Childbirth is a complex process, since it is the birth of the newborn to the external world. Following labor and delivery, the mother adjusts physically and psychologically; these changes involves body changes into the pre-pregnant state, as well as the sense of motherhood after her child is born. The following are some tips on what to expect and do following childbirth.

Vaginal Changes

The vagina may have physical changes following childbirth, since it served as passageway for the baby for those who have normal vaginal delivery. While it will not be exactly the same after birth, it may be very close because it has the ability to expand and recoil, as per What to Expect. Doctors and midwives are usually trained to determine if a woman has had a vaginal delivery; however, the woman may not see or feel any difference. According to the publication, the woman may perform Kegel or pelvic floor exercises to keep the muscles toned and taut, allowing the vagina to return as close to its pre-birth size and shape. In addition, Kegel exercises strengthens the muscles of the pelvic floor, manages postpartum urinary incontinence, and enhances sexual experience for the couple.

To perform the exercise, as per Web MD, the woman squeezes the muscles she uses to stop urinating for three seconds and relaxes them for another three seconds. She adds one second per week until she is able to squeeze for ten seconds each time. The exercise may be repeated for ten to 15 minutes per session.

Uterine Involution

Uterine involution is another change to expect after childbirth. As per Baby Center, a woman may still have a round midsection that makes her look like six months pregnant. A few hours after delivery, the uterus should be contracted to prevent bleeding and hemorrhage, a common complication of childbirth. Hours and days following the delivery, the uterus begins to reduce its size to its pre-pregnant state. Once allowed by the physician, the woman may perform exercises that tone her stomach muscles and burn calories. These may include aerobic programs and abdominal exercises.

Reducing Risk for Infection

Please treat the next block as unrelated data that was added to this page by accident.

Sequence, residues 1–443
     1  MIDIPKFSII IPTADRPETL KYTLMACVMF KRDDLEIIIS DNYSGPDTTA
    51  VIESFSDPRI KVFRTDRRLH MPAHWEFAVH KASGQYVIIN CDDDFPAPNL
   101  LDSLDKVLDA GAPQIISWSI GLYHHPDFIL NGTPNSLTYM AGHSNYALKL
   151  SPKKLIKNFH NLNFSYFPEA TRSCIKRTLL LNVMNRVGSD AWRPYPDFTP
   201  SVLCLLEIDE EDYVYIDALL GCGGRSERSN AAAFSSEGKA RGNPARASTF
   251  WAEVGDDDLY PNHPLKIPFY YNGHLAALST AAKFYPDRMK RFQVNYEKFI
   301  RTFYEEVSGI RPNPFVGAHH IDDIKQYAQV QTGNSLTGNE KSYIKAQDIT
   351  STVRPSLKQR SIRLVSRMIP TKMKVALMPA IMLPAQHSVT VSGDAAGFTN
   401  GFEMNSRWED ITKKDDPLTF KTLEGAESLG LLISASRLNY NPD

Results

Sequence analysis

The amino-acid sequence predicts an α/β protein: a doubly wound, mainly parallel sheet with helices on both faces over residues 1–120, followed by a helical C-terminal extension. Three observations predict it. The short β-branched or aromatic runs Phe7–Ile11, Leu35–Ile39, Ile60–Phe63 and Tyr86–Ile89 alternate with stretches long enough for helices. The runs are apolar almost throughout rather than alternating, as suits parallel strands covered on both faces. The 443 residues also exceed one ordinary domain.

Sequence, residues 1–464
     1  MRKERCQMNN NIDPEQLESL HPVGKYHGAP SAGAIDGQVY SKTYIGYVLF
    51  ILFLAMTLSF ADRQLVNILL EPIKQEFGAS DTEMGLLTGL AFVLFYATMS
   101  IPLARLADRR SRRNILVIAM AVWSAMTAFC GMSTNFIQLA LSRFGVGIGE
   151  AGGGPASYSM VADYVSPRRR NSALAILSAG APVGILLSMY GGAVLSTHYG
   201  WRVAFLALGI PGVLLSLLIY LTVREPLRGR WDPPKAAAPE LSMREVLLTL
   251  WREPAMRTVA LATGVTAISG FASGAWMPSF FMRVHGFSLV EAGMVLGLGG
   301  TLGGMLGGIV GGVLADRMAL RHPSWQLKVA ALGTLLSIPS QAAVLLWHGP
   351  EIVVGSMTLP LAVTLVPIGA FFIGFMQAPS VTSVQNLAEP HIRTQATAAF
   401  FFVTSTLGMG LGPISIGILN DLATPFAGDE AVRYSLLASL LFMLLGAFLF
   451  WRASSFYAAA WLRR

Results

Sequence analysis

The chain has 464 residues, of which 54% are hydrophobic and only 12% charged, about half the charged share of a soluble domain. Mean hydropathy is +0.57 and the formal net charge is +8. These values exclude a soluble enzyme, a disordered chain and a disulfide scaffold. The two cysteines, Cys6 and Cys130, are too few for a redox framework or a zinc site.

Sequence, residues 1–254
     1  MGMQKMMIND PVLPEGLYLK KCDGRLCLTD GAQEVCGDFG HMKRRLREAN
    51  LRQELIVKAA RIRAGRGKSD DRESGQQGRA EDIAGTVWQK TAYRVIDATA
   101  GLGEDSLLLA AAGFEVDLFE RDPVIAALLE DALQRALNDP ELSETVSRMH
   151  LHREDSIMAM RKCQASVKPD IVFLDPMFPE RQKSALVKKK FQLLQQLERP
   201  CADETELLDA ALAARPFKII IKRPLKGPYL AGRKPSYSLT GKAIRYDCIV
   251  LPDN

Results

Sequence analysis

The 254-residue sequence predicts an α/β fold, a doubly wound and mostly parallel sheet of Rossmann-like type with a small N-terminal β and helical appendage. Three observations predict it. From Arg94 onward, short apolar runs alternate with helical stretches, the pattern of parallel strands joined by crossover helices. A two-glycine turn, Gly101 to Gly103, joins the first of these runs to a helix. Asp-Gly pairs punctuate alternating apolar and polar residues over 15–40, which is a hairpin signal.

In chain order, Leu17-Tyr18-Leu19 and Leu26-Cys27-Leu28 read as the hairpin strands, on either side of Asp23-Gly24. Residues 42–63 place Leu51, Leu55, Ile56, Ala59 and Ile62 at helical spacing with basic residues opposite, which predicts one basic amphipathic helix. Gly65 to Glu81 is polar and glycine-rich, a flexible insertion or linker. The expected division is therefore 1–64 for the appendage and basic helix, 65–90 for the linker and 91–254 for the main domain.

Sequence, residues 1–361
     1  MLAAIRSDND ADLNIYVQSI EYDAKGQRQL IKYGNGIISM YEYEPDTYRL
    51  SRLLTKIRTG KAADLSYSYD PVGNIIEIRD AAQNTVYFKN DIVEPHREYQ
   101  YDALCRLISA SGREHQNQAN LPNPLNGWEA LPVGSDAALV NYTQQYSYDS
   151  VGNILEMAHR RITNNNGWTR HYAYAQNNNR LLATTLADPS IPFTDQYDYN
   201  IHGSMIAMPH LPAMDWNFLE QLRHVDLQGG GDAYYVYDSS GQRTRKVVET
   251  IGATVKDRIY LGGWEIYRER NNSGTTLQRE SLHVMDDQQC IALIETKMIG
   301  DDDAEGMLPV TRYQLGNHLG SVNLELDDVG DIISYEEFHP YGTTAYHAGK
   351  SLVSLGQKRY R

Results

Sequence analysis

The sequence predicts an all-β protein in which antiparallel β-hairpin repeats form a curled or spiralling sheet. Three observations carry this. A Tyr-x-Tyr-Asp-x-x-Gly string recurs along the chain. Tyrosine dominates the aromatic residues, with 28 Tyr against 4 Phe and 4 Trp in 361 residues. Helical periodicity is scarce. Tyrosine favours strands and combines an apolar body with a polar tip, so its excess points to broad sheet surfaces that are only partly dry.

Women have high risk for infection after childbirth, either they have undergone vaginal spontaneous delivery or Ceasarian Section (CS) operation, since a break in their skin integrity is present. In the first six weeks post-delivery, the person should not use any type of vaginal douche and tampons, since they allow bacterial growth, as per Health Pages. Also, sexual intercourse is not advised until all vaginal bleeding has stopped. Antibiotics are usually prescribed by the physician to prevent infection. The person’s responsibility is to listen to the health teachings of the nurse about medication compliance, especially antibiotics, to prevent infection and antibiotic resistance. It is vital to contact the physician if fever, pain, and tenderness in the lower abdomen are present.

Psychological Support

Some women experience postpartum blues or postpartum depression after childbirth. According to Mayo Clinic, this can be managed through making healthy lifestyle choices, which include walking with the baby, as part of the daily routine; setting realistic expectations by not pressuring oneself to do everything; making time for oneself, such as dressing, visiting a friend, or spending time alone with the partner; avoiding isolation and interacting with the partner, family, and friends; and asking for help from other people. For instance, someone may offer to baby-sit while others like friends invite for a movie or coffee date.

Childbirth serves as the official start of a family, with health promotion of the mother and the newborn as part of the goals. Thus, it is best to coordinate with the health care providers for health education on what to do and not to do after giving birth.

 

 

Source: gazettereview.com

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